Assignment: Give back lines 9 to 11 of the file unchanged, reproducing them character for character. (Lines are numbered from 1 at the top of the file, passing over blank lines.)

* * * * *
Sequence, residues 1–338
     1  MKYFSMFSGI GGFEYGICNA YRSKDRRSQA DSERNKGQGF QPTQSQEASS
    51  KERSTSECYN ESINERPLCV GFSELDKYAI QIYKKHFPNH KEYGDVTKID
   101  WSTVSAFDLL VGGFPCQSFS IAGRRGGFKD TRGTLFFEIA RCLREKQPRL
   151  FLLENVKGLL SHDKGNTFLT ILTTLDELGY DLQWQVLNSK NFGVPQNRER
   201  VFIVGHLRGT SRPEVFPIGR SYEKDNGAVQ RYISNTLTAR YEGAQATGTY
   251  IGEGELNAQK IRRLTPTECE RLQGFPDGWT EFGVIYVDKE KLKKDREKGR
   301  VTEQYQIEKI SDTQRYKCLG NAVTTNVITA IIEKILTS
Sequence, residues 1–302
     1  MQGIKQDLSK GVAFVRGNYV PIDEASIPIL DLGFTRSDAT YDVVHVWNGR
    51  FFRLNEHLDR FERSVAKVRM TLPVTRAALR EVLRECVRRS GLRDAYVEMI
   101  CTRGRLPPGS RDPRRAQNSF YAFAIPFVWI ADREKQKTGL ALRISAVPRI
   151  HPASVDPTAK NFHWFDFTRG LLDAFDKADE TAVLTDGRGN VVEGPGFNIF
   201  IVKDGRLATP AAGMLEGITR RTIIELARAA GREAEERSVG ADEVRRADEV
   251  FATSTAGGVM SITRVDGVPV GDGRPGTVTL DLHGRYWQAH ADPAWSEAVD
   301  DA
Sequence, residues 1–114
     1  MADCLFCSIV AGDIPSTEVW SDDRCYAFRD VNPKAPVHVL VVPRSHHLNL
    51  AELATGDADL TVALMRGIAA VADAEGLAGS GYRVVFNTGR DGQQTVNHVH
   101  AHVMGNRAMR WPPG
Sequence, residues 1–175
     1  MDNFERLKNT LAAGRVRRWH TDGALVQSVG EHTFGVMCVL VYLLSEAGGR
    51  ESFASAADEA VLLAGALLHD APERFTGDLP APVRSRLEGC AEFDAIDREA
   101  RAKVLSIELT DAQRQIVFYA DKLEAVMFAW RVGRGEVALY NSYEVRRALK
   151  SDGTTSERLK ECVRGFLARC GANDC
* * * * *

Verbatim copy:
Sequence, residues 1–302
     1  MQGIKQDLSK GVAFVRGNYV PIDEASIPIL DLGFTRSDAT YDVVHVWNGR
    51  FFRLNEHLDR FERSVAKVRM TLPVTRAALR EVLRECVRRS GLRDAYVEMI